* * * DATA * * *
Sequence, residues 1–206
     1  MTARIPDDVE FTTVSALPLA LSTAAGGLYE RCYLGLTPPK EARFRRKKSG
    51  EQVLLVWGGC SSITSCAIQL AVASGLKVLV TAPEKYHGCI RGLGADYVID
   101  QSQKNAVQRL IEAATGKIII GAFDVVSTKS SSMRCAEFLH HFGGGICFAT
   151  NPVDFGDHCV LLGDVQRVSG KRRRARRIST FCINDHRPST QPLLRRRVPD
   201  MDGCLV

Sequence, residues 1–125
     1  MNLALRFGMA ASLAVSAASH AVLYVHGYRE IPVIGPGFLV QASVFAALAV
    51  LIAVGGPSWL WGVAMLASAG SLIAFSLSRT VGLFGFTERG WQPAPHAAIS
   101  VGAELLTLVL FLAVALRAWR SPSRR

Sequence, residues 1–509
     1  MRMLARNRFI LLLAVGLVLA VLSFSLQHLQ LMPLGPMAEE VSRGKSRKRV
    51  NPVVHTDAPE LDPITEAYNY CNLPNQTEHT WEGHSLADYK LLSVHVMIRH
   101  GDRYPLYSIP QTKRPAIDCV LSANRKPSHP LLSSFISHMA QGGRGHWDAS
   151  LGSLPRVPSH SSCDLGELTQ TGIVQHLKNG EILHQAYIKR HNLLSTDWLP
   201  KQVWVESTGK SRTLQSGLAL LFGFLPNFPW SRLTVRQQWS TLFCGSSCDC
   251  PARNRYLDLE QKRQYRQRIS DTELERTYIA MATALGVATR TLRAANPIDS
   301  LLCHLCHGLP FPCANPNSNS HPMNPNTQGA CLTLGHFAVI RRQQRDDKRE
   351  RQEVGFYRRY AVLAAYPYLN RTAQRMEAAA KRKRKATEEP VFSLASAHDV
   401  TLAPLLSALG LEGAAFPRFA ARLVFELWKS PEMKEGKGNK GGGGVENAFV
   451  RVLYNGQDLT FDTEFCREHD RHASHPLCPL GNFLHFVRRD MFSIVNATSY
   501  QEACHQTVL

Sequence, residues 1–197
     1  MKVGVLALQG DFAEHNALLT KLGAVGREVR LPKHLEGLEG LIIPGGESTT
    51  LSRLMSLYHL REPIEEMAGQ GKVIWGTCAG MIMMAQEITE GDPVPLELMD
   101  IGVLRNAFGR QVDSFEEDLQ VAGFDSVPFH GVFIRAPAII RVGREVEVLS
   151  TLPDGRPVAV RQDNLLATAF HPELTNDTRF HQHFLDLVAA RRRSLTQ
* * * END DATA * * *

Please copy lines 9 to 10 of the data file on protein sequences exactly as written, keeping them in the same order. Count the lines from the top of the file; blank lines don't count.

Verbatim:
    51  LIAVGGPSWL WGVAMLASAG SLIAFSLSRT VGLFGFTERG WQPAPHAAIS
   101  VGAELLTLVL FLAVALRAWR SPSRR